CHILD SUPPORT IN VIRGINIA
What is child support in Virginia?
Virginia makes each parent responsible for a certain percentage of child support based upon certain factors. Factors considered in determining a child support amount include premiums for health and dental care for the child, childcare costs, the custodial schedule and the parents' incomes. A parent's income includes not only salaries, but also, wages, commissions, bonuses, dividends, severance pay, and pensions.
How is child support calculated in Virginia?
Virginia Code § 20-108.2 provides the Virginia Child Support Guidelines that the Court will use in determining the amount of child support and to which parent child support is owed depending on the custodial schedule. The custodial options that affect the calculations are:
- Sole custody. This is when the child stays with the custodial parent for less than 91 days (including overnights) out of the year.
- Shared custody. A child stays with the each parent at least 91 days (including overnights) during the year.
- Split custody. When the parties have more than one child and each party has custody of at least one child for a majority of the year.
The court will calculate the guidelines based upon the custodial arrangement, the parties' respective incomes, childcare costs, and the healthcare premiums paid by each parent.
Can the court raise or lower the amount determined by the guidelines?
Although child support is a based on rebuttal presumption that the child support guidelines should be applied, there are fifteen factors for a court will consider in deciding that the application of the guidelines would be unjust or inappropriate. Some of these special considerations may be things like travel expenses for visitation, expenses related to a child's special needs, etc.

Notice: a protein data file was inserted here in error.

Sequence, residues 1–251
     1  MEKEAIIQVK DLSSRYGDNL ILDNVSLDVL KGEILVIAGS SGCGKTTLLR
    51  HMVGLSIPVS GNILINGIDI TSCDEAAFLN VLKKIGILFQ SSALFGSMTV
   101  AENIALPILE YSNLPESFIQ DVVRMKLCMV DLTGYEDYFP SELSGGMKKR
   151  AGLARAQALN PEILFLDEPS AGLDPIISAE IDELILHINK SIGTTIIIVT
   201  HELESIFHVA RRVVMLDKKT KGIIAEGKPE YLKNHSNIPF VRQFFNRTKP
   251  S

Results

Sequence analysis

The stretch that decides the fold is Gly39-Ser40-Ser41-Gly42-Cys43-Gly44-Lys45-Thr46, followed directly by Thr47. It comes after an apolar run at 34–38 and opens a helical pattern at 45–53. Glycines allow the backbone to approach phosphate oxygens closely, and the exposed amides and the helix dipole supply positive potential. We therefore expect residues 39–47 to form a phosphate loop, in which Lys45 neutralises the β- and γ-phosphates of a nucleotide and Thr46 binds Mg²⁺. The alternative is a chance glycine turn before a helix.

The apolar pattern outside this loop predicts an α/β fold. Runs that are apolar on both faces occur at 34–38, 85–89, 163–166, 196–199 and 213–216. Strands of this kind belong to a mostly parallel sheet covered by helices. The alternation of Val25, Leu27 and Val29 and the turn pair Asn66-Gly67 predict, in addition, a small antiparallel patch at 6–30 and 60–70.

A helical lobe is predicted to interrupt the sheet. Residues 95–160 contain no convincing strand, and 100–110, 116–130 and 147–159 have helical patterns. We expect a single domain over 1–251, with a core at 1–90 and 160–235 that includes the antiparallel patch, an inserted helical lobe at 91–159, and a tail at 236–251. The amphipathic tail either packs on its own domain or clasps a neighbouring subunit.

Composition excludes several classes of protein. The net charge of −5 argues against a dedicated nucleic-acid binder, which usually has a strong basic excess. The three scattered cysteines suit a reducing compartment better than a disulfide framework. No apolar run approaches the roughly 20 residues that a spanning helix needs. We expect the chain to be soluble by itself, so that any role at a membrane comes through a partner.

When does child support end in Virginia?
When support is ordered for a child, the order shall also provide that support will continue to be paid for a child over the age of 18 who is (i) a full-time high school student, (ii) not self-supporting, and (iii) living in the home of the parent seeking or receiving child support, until the child reaches the age of 19 or graduates from high school, whichever occurs first. The court may also order that support be paid or continue to be paid for any child over the age of 18 who is (a) severely and permanently mentally or physically disabled, and such disability existed prior to the child reaching the age of 18 or the age of 19 if the child met the requirements of clauses (i), (ii), and (iii); (b) unable to live independently and support himself; and (c) residing in the home of the parent seeking or receiving child support.
NOVA Legal Professionals will help you look at factors including income, visitation, child care costs and health care costs and adjustments for support of other children to determine how much child support you should receive or pay.